Q-Racing Blog: Go Man Go Returns to Ruidoso

A hall of famer returns to hallowed ground.

Q-Racing Journal

Go Man Go is returning to Ruidoso.

The legendary Go Man Go, who died at age 30 in 1983, is coming back to Ruidoso Downs. Really.

Dr. Leonard Blach, who was the veterinarian at Buena Suerte Ranch, and Ruidoso Downs are working together to move Go Man Go’s remains and headstone back to the track where he scored five of his 17 stakes wins, including the 1956 Ruidoso Derby. He also placed in four stakes at Ruidoso Downs, including the 1955 Ruidoso Futurity. He will be in a special casket at Ruidoso Downs. The headstone and casket will be located near the infield winner’s circle. Fans will be encouraged to visit the site.

Go Man Go’s remains and headstone are currently on the grounds of the former Buena Suerte Ranch in Roswell, New Mexico. It was owned and operated by the late Harriett Peckham. Go Man Go lived at Buena Suerte Ranch from 1972 until he died in 1983. He serviced mares until 1974.

The Buena Suerte Ranch property is now an alfalfa farm.

The move will be completed by the start of Ruidoso Downs’ summer season on May 27. There will be a special ceremony on opening weekend.

“We are extremely pleased that Go Man Go’s grave will be here at Ruidoso Downs,” Ruidoso Downs’ general manager Shaun Hubbard said. “We sincerely want to thank our friend Leonard Blach for all of his work and dedication to bring Go Man Go back to Ruidoso Downs.”

Go Man Go was a sensation as a racehorse and as a sire. He was a three-time world champion and raced until he was 7-years-old. In today’s world, he could have been retired after he became the first 2-year-old to be named world champion in 1955. When he repeated as world champion as a 3-year-old, he almost certainly would have been retired. Therefore, it is probable he never would have had the opportunity to race to three consecutive world championship titles. He is still the only stallion to hold three-consecutive world championship titles. The mare Miss Princess (Woven Web (TB)) raced to three straight world championships in the early 1940s.

Along the way, Go Man Go set a 440-yard world record at Ruidoso Downs at 440 yards of :21.80 and a 400-yard track record of :20.10 at Los Alamitos. He was the highest money earner in 1956 and 1957 on his way to earnings $86,150 with 27 wins from 47 starts. His earnings would equal about $725,000 in 2015 dollars.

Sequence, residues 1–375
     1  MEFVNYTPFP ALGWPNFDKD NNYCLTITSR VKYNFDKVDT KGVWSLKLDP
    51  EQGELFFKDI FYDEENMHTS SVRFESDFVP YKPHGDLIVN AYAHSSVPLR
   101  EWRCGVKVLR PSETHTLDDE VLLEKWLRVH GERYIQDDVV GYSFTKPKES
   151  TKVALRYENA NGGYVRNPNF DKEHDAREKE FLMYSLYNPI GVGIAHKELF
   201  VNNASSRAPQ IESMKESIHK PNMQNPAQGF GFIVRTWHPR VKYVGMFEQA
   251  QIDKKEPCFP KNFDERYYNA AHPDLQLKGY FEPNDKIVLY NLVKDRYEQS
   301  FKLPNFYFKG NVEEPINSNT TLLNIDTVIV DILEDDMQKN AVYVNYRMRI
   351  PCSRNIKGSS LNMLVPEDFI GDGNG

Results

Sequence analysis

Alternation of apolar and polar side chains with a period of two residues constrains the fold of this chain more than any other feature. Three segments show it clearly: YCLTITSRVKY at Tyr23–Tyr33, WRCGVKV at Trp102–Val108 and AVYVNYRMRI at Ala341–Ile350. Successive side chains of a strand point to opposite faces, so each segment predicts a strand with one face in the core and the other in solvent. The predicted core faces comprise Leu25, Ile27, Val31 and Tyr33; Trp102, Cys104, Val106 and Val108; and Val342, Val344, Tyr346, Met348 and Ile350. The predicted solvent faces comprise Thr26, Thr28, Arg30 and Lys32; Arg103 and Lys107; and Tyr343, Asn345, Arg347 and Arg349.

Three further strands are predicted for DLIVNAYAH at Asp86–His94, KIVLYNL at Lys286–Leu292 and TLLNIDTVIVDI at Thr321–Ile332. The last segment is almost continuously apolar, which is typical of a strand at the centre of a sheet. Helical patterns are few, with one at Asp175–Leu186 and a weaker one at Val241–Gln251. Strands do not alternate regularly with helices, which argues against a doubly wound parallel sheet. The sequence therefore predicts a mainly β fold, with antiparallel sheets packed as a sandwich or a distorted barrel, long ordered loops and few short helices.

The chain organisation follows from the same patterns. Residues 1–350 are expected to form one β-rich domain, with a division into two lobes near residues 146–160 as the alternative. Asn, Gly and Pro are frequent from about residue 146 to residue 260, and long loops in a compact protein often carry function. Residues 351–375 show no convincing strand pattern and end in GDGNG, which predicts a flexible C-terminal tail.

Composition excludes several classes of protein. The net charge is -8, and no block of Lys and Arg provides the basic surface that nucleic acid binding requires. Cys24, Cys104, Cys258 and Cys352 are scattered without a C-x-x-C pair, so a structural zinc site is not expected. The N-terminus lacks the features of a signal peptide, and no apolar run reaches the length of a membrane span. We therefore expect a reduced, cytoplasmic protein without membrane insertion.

Go Man Go was no sweetheart, although it has been reported he liked to have his lip tugged.

One of his trainers told legendary Quarter Horse writer/photographer Walt Wiggins Sr. that Go Man Go was “jes’ plain mean as a bear most of the time” and his jockey Robert Strauss said he “was onery from the day I met him, but was the greatest horse I ever rode.”

A son of unraced Top Deck (TB) and the unraced appendix mare Lightfoot Sis, Go Man Go ran off with jockey Strauss when he was being started and before he was supposed to breeze. Then there was his memorable first start. Reportedly, he flipped in the gate, unseated Strauss, broke through the front of the gate and ran around the track. He was caught, reloaded and won the race. He won his next five races by a total of 9 lengths.

There were problems with his registration. With his Thoroughbred sire-appendix dam breeding, he was originally registered as an appendix horse. Back then, an appendix horse could pass into what AQHA called tentative registration after gaining a required performance record and passing a conformation inspection. He certainly passed the performance requirement, but failed the conformation inspection twice. This was in the era of the Bulldog-type American Quarter Horse and inspectors said he looked too much like a Thoroughbred. This was finally resolved in 1958 when it was determined his first foals looked like Quarter Horses.

“He absolutely would have passed inspection today,” Blach said.